Is it possible that there are no coincidences?'' Graham Hess (Mel Gibson) postulates in Signs, M. Night Shyamalan's latest big-ticket fusion of ordinary and extraordinary. The question haunts all of the filmmaker's brooding blockbusters, from ''The Sixth Sense'''s ashen portrait of a society sleepwalking in ghostly decline to ''Unbreakable'''s muddled man-of-steel metaphor for midlife crisis.
Now comes an alien-invasion movie that continues Shyamalan's study in destiny, faith, and, perhaps unintentionally, genre-flick preposterousness. Sinister crop circles appear in Hess' cornfield, spelling trouble for both the world at large (of which little is seen, heightening the Hitchcockian claustrophobia) and Hess, a former reverend whose wife's death has driven him from the pulpit and strained relations with his children (Rory Culkin and Abigail Breslin).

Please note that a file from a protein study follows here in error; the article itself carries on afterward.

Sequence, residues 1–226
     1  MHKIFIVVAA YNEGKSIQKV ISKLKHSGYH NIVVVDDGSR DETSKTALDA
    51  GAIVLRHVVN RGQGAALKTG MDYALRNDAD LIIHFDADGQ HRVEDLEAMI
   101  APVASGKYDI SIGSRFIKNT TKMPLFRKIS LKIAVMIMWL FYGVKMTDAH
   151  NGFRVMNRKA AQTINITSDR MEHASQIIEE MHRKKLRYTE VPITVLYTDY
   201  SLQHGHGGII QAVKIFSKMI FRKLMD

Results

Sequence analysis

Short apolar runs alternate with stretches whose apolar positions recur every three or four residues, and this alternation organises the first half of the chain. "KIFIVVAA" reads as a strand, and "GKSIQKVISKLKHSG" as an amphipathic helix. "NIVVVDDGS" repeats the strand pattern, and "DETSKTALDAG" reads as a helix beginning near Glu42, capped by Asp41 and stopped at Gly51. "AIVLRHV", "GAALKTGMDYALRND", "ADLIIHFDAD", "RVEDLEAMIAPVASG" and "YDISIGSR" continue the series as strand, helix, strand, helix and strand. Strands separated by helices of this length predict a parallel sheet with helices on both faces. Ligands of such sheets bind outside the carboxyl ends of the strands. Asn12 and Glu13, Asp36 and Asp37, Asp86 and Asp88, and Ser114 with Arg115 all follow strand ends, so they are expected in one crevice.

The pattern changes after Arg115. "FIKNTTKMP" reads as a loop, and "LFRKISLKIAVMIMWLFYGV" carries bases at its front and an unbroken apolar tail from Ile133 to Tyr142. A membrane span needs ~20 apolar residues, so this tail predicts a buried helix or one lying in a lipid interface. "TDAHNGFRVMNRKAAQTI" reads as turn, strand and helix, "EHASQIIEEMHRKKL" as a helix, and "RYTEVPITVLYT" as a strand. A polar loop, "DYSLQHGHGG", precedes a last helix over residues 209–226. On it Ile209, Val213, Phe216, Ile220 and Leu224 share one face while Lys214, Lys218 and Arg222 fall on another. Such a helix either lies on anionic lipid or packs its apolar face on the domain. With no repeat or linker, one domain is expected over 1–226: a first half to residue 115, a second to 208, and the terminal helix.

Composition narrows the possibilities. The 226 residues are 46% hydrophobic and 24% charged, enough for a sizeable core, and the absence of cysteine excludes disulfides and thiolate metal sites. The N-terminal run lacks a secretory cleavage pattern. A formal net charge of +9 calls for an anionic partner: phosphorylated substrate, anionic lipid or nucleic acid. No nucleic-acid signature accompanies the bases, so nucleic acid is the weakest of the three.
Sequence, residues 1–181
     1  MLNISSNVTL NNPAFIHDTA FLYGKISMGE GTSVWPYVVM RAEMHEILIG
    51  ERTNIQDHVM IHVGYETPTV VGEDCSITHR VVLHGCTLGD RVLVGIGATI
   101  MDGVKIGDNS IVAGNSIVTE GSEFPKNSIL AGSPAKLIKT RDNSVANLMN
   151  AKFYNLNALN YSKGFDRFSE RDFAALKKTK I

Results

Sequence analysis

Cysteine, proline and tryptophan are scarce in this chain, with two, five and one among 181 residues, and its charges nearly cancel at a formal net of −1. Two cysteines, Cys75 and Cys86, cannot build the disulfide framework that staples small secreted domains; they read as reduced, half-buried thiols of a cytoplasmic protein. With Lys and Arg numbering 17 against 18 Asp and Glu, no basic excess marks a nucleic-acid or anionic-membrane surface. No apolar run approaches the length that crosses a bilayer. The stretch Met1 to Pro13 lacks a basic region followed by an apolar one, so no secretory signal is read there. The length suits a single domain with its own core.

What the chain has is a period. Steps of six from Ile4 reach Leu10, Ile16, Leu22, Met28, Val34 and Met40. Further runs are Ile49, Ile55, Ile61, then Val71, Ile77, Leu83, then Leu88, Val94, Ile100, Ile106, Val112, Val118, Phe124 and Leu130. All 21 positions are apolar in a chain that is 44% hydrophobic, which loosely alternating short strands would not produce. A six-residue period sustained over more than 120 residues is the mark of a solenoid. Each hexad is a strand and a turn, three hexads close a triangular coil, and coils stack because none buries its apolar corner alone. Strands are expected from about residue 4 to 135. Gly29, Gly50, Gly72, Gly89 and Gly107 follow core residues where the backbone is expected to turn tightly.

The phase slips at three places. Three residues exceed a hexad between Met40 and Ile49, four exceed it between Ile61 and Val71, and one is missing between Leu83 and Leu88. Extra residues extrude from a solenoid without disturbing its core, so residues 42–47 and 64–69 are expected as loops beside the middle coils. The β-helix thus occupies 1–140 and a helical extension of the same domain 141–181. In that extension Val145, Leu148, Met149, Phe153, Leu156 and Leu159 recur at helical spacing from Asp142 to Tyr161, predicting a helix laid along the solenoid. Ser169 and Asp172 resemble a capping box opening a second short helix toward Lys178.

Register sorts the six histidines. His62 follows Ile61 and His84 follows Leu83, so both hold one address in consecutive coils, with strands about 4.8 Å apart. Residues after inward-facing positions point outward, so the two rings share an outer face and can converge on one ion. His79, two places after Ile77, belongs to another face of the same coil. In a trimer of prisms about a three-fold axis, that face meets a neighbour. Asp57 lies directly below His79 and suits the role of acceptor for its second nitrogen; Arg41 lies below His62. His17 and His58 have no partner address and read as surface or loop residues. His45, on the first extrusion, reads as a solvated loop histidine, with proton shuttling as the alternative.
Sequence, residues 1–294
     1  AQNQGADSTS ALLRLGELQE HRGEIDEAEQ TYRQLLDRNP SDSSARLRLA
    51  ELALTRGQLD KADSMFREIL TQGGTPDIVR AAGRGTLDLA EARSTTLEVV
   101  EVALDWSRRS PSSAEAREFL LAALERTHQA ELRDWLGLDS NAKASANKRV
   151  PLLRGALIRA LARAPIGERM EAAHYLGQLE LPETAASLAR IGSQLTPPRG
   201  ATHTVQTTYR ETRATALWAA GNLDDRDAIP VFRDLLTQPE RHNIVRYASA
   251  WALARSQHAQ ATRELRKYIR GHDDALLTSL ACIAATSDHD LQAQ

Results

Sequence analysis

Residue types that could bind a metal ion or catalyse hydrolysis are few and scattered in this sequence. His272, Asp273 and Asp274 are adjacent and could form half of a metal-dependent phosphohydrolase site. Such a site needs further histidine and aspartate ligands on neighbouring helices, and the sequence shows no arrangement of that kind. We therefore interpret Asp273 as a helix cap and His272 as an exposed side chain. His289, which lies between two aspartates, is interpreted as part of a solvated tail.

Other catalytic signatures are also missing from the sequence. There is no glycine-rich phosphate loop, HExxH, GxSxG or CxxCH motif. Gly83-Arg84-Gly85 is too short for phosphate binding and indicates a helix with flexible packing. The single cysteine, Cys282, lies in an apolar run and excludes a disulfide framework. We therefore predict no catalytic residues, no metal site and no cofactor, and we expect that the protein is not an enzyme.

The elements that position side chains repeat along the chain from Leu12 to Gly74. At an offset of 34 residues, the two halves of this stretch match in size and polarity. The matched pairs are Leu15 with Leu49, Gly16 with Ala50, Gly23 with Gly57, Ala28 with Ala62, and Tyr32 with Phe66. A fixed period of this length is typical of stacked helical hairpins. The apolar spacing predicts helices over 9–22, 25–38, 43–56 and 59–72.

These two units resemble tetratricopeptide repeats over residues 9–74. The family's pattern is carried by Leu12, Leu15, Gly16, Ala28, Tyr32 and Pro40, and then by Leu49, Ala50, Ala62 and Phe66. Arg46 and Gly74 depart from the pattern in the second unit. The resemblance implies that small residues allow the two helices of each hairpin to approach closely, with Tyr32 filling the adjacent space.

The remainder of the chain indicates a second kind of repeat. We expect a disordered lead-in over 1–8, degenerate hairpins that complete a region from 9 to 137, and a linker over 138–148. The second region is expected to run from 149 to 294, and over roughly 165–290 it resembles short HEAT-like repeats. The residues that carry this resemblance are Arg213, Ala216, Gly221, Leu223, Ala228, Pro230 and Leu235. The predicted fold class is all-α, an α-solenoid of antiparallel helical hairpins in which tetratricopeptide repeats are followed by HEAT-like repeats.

Shyamalan is at his best staging terse microdramas with the emotional weight of tragic opera. (In a scene where the family uses a baby monitor to intercept alien chatter, he manages a tense intimacy that recalls the early Spielberg.) But he's at his worst when wowed by his own fearful symmetry: ''Signs''' ''twists'' are as deliberate as they are ludicrous. Because, after all, there are no coincidences...in movies. And that's no revelation.